Jazmin Garcia, Community Relations Officer, San Diego County Credit Union
Throughout the pandemic, the shift to digitization has caused an increase in scams. San Diego County Credit Union wants to make sure that you are aware of current scams and know how to protect yourself if the situation arises. SDCCU posts current scams and warnings at sdccu.com/scams, so be sure to visit and bookmark it for reference.
1. Texts & Calls:
Never click on links you receive via an unrecognized or unsolicited text because scammers send these as a means to access your data on your phone. The first tip to avoid a scam is to call the company’s number and inform the representative that you have received an unfamiliar message. Another best practice is to save the numbers of trusted contacts on your phone. If an unfamiliar number is calling to request personal information over the phone, end the call and call the company directly to verify the legitimacy of the call. Companies will not ask you for your username, password, or one-time passcode over the phone.
2. COVID-19 Vaccines:
Scammers are taking advantage of the mass distribution of COVID-19 vaccines by offering fake appointments in exchange for a fee. You should only exchange personal information with your trusted physician. The FBI issued a warning urging people to be cautious when opening emails and texts from unknown senders who promise information on getting a vaccine. Contact your doctor or county’s website for updated vaccine and coronavirus information.
3. Federal Stimulus:
Scammers are also attempting to exploit individuals with fake stimulus calls and texts. The IRS will not contact you by phone, email, text or social media to verify your Social Security Number, bank account or credit card information. Scammers are exploiting individuals by promoting faster payment in return for your personal information. Scammers conduct their scam in person, through social media, and emails. Do not respond to these types of messages, instead go directly to the IRS website for stimulus information.
4. Online & Emails:
Always use a secured network when browsing online through the internet and do not save passwords or credit card information, especially on websites that are not secure or that you are unfamiliar with. Scammers use pop-ups and unrecognized emails to bait victims into clicking links that could grant access to victims’ personal information. Emails could be coming from scammers posing as these organizations and once you click the links, you are giving them complete access to your phone or computer.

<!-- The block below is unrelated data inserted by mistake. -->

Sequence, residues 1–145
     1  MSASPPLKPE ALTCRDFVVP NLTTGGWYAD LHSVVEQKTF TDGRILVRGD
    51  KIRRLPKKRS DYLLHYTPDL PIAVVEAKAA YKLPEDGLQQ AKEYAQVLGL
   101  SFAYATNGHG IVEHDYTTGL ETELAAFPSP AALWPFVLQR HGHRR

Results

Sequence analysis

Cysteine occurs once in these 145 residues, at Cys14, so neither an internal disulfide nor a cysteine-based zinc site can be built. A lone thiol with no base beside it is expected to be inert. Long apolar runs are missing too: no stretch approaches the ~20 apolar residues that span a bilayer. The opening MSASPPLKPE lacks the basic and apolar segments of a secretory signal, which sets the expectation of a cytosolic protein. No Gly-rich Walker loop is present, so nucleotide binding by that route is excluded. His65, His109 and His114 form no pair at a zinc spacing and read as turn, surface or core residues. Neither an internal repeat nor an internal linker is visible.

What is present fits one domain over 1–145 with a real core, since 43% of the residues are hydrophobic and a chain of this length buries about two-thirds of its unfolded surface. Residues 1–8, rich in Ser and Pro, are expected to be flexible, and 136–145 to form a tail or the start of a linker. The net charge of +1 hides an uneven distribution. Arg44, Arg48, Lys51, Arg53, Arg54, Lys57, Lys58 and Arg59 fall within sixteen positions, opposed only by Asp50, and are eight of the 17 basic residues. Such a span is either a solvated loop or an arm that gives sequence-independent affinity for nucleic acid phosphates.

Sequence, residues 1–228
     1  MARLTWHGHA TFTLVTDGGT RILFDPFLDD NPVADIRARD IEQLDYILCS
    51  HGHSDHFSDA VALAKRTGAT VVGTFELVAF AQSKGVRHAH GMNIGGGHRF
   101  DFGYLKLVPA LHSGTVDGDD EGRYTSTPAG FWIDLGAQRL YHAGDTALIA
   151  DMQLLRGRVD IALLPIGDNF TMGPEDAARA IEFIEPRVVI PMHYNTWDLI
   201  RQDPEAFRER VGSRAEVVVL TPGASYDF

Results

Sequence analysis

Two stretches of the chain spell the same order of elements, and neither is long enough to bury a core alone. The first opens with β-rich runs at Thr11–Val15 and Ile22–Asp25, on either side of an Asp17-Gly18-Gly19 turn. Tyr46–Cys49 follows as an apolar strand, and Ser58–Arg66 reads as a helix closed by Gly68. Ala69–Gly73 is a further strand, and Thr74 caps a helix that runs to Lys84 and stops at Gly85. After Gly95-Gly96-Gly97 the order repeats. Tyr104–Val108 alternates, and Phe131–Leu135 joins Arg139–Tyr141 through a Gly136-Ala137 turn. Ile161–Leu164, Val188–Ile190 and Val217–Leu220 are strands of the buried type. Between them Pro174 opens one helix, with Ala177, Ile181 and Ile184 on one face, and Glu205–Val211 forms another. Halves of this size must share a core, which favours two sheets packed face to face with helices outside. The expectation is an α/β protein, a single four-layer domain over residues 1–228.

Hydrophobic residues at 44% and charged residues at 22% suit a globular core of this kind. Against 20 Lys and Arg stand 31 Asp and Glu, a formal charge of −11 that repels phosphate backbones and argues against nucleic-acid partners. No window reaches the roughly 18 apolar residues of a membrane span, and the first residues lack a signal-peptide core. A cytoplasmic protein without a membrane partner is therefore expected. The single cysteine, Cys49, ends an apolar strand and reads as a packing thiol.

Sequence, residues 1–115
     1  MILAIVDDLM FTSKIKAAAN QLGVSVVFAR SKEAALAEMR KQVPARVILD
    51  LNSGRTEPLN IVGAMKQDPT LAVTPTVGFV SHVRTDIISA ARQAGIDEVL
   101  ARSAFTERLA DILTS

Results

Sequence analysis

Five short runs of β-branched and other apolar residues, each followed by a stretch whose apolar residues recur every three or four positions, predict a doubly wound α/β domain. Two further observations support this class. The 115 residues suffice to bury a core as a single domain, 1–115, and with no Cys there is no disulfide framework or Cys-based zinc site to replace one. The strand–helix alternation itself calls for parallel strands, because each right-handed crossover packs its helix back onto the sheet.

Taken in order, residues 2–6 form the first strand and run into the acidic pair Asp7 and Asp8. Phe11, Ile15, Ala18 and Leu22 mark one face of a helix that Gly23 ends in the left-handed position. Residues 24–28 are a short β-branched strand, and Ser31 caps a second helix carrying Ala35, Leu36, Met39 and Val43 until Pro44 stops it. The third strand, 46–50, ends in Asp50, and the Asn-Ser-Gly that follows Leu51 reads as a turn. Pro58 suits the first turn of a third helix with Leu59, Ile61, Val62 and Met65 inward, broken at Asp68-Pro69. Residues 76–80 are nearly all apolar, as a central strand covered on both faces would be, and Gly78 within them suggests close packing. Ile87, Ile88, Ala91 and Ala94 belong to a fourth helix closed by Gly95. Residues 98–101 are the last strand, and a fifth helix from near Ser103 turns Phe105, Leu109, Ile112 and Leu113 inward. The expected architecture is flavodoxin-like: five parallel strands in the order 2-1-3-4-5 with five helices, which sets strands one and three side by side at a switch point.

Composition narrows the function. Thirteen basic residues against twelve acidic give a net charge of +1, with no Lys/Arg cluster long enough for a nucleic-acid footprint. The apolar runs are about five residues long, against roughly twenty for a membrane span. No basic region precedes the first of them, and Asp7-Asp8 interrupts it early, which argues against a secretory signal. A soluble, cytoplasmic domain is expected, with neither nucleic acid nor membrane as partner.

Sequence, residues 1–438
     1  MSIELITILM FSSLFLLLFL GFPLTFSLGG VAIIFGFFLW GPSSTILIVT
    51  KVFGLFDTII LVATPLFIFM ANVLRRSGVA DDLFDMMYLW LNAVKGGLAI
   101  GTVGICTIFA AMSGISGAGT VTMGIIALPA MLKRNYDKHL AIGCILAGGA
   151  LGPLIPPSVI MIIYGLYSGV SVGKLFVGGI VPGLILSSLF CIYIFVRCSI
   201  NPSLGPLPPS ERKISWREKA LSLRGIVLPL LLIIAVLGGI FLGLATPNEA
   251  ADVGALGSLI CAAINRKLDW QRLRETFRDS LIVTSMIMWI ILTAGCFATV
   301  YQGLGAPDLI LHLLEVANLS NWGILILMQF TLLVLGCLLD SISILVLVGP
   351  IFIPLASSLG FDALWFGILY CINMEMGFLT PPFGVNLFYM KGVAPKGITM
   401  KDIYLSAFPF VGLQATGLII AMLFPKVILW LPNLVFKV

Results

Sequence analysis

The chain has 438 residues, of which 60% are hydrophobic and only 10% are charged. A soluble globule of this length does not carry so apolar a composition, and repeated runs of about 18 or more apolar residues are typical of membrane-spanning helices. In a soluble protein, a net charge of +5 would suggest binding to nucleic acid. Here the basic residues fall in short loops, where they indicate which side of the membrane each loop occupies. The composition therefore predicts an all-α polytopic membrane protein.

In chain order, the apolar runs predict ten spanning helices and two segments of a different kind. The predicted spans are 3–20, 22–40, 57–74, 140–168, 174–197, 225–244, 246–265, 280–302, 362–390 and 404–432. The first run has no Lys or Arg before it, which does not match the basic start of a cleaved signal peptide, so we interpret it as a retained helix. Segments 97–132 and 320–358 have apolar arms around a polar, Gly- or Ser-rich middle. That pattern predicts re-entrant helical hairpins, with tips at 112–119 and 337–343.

If you receive a letter from a company that you do not recognize requesting a medical payment, bill payment or update on personal information, do not call the number on the notice, especially if you suspect it may be an error or scam. Always go to the main website of the company that sent you the letter and use that number to speak with a representative and verify that the letter you received is valid. Scammers also use prize letters to manipulate individuals into thinking they won a prize, whether it be money, a trip or a car. The letter will often tell you that all you need to do is call and provide some additional information to claim your prize. DO NOT CALL, especially if you haven’t entered a raffle or contest.
6. Romance Scams:
The increasing popularity of online dating has increased of scammers. Scammers use fake profiles to strike up conversations with people on dating and social media websites to build trust and will eventually make up a story and ask for money. Often the ask is to purchase a return airplane ticket, to pay off debts, to pay for surgery or other medical expenses. If you think it’s a scam, report it to the FTC at ftc.gov/complaint. Share this information with friends and family to help protect them from scams like this.
7. Money Mule Scams:
A money mule scam is when someone sends money to you and asks you to send a portion of it to someone else. Scammers will use this method to ask you to purchase gift cards and send money from an illegal source. Do not be a middleman. Do not let someone funnel money into your account for you to send it to others.
These are some key tips to be aware of when receiving unknown messages, calls, texts, etc. SDCCU posts current scams and warnings at sdccu.com/scams, so please be sure to visit that site and bookmark it for reference. Also, share this with family and friends to help keep them protected.